Pollard PLLC has scored another major appellate victory, this time in the United States Court of Appeals for the 11th Circuit. The trial court case involved several employees who left Vital Pharmaceuticals or “VPX” (the maker of Bang energy drink) to join a start-up beverage company called Elegance Brands. All of these employees had non-compete agreements. The court held a two-day evidentiary hearing on VPX’s motion for a preliminary injunction. After the hearing, the trial court enjoined one of the employees – Maros – who worked in the supply chain segment of VPX. In issuing its preliminary injunction, the Southern District of Florida held that VPX had established a legitimate business interest in both (1) its formulas and (2) its customer relationships.
On appeal, Pollard argued that VPX was not entitled to injunctive relief because it failed to establish any legitimate business interest, thereby rendering the non-compete agreement unenforceable. Specifically, Pollard argued that VPX had already admitted that its formulas were not at issue. And, with respect to customers, VPX had failed to put any specific, protectable customer relationships at issue.
The 11th Circuit agreed. In its published opinion, the Court made two significant findings: First, that Florida non-compete law only protects “substantial” customer relationships. And that this requires plaintiffs seeking an injunction to provide enough detail about the specific customer relationships at issue for courts to evaluate the nature and protectability of those relationships. Second, the Court held that VPX failed to establish irreparable harm.
The 11th Circuit has repeatedly stated that a preliminary injunction is an “extraordinary” and “drastic” measure— one to be granted only when there is evidence of actual and imminent irreparable harm. In spite of this guidance, federal district courts in Florida routinely issue preliminary injunctions in non-compete cases even where that standard for irreparable harm has not been met. Part of the confusion owes to Florida state law. Florida’s non-compete law (Florida Statutes 542.335) requires courts to presume irreparable harm flowing from the violation of any enforceable or valid non-compete agreement.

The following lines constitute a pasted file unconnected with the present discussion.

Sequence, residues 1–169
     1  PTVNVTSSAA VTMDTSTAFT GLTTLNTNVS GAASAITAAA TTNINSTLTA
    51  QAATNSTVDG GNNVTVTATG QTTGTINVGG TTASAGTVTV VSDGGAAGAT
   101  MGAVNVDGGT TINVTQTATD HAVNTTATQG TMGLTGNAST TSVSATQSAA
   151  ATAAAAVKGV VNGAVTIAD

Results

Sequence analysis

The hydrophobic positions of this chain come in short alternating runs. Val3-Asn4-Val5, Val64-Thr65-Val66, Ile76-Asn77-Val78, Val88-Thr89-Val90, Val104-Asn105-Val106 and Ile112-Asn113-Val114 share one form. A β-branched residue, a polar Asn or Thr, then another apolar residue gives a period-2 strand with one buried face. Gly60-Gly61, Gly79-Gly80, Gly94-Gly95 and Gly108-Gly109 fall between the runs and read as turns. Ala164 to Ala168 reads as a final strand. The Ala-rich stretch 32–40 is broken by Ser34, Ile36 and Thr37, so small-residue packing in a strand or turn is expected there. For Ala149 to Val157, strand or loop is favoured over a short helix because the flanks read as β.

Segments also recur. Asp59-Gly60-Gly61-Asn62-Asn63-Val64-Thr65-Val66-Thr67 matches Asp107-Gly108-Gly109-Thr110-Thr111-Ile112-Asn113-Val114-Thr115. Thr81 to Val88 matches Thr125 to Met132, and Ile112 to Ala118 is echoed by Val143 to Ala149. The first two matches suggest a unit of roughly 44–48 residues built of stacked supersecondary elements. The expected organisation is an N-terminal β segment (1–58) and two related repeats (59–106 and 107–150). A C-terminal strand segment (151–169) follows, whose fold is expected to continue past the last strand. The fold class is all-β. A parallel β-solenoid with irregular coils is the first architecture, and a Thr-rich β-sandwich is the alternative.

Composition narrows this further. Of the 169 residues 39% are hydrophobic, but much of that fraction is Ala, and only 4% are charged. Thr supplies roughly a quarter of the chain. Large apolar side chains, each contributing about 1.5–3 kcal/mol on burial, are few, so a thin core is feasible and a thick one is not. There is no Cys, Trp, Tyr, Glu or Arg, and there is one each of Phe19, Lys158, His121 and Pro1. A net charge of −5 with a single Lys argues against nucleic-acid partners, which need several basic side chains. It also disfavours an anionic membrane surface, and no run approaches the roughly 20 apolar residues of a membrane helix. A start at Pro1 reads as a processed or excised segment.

But Florida’s statutory presumption of irreparable harm simply cannot be reconciled with the Federal Rules. Chief Judge Pryor wrote a separate, extensive concurring opinion where he delved into the “thorny” issue of Florida’s presumption of irreparable harm in non-compete cases. To put it in brief, Judge Pryor wrote that federal courts apply federal law. And that in federal court, Federal Rule of Civil Procedure 65 trumps Florida’s state law statutory presumption of irreparable harm.
That specific issue seems likely to reach the full 11th Circuit Court of Appeals (en banc), and possibly even the United States Supreme Court.
On the briefs for the firm were Jonathan Pollard and Chris Prater. Pollard himself presented the oral argument before the 11th Circuit in Atlanta.
Pollard PLLC is a litigation firm based in Fort Lauderdale, Florida. The firm and its attorneys have extensive experience litigating non-compete and trade secret cases. The firm’s office can be reached at 954-332-2380.